Table I presents descriptive data for the study variables and their underlying dimensions. As shown in Table II, the overall mindfulness score was positively correlated with leadership flexibility (r=0.31, p<0.01) and with each of the dualities. Table II also indicate that of the four dimensions of mindfulness, only the dimension observing was not associated with the overall leadership flexibility scores. The dimensions nonjudging and nonreactivity were the only two dimensions of mindfulness significantly associated with the overall leadership flexibility scores and with the subscores for each duality. Also, the dimension acting with awareness does not show separate associations with either of the two dualities, and the ability to describe inner experience shows an association only with the strategic/operational duality.

Three different linear regression analyses were then conducted using dimensions of mindfulness to simultaneously predict overall leadership flexibility, forcing/enabling flexibility, and strategic/operational flexibility. First, an analysis of the correlation coefficients between the demographic variables and leadership flexibility showed that none were significant, so those variables were not included in the hierarchical analysis. We therefore performed linear regression analyses to evaluate whether the dimensions of mindfulness that showed significant correlations contributed uniquely to the prediction of leadership flexibility (see Table III). The results show mitigated relationship between the variables. While the overall mindfulness score explains 9.6 percent of the variation in leadership flexibility, the exploratory regressions revealed that only the nonreactivity dimension significantly predicted overall flexibility (β=0.174, p<0.05), and strategic/operational flexibility (β=0.177, p<0.01). The use of the mindfulness dimensions in the regression analysis did not add additional variance to the model.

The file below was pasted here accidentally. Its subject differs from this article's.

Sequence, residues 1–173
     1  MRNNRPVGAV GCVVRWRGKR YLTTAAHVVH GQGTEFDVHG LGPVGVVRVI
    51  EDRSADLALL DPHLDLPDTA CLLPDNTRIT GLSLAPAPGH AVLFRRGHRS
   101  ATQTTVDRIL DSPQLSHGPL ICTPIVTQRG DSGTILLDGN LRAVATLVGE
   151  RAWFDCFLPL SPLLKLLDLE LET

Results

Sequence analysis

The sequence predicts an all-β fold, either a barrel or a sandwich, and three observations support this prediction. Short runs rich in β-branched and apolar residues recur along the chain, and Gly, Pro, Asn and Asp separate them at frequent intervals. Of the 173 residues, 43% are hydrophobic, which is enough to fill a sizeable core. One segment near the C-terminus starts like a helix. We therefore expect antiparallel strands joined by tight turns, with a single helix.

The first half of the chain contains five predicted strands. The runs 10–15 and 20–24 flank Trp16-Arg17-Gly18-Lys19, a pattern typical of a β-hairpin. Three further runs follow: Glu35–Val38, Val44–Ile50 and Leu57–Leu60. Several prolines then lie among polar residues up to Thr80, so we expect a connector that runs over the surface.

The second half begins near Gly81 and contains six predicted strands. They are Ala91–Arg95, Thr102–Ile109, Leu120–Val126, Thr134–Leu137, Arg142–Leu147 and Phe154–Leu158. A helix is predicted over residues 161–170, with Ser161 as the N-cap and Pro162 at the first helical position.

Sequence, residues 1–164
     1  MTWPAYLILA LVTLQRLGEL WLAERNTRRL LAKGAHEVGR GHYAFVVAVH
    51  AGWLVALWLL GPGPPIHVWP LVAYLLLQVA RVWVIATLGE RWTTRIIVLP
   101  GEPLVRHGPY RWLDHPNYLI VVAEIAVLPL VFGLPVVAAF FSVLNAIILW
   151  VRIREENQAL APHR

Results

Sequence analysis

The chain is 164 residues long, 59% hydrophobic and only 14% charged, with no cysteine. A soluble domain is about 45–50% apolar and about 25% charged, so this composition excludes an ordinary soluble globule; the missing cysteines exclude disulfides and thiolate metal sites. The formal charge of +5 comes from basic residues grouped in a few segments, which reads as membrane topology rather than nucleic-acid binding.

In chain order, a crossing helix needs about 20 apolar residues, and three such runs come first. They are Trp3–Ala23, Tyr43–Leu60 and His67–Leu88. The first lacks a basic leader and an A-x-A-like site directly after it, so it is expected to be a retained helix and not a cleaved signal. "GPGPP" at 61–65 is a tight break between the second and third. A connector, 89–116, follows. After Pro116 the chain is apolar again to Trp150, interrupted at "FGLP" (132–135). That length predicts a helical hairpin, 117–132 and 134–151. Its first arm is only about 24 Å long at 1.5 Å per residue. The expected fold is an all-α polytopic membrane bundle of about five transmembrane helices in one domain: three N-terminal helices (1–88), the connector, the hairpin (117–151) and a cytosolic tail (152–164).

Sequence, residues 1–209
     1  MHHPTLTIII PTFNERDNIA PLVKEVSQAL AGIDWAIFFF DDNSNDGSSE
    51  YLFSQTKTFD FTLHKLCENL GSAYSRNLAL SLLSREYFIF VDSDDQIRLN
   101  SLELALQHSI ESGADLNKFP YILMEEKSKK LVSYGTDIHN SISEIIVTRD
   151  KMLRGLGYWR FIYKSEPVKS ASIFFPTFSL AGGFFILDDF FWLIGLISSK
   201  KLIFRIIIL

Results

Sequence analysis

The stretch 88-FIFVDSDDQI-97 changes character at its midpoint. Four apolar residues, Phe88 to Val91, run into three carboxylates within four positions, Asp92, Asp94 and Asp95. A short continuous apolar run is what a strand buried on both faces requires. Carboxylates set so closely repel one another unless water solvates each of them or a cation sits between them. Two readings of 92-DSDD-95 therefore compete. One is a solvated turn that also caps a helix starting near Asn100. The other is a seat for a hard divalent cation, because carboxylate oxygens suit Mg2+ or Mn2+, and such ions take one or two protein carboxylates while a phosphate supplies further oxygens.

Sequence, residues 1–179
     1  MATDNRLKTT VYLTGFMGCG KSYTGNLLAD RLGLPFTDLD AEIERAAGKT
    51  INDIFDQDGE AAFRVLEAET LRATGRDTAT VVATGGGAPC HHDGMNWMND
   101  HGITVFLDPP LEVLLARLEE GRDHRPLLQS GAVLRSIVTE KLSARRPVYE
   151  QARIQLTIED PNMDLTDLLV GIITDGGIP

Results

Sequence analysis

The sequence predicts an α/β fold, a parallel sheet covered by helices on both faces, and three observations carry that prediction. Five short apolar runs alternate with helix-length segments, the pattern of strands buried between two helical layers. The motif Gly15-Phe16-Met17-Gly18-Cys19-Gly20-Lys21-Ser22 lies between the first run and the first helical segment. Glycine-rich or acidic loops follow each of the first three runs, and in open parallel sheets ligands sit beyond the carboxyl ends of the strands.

This exploratory study embraced the challenge of addressing two emerging concepts – behavioral flexibility and mindfulness – and trying to refine our understanding of their relationships in a leadership context, a question no other study has focused on to date. Our hypotheses concerning the relationships between mindfulness, behavioral flexibility and its two dualities are empirically supported. The results show a positive and significant correlation between the overall mindfulness score as measured by the short version of the FFMQ and leader flexibility. These findings suggest that the more mindful leaders are, the more they are able to exercise a flexible leadership style. Although the observed correlations indicate weak linear relationships, this study constitutes a first step in research on the phenomenon, and presents interesting findings that are worthy of further investigation.

A more detailed examination of the dimensions of mindfulness correlated with leadership flexibility reveals that four of the five dimensions are significantly related to leadership flexibility, whereas only the nonjudging and nonreactvity dimensions were also related to the two dualities. First, the ability to accept our thoughts and feelings, without getting caught up in them (nonreactivity), may partly explain the link between mindfulness and behavioral flexibility. The regression analysis revealed that this dimension had the strongest correlations with overall leadership flexibility and its two dualities. Being less reactive could allow leaders to reduce the use of automatic mental processes, extend their response times, and thus react with greater flexibility (Glomb et al., 2011).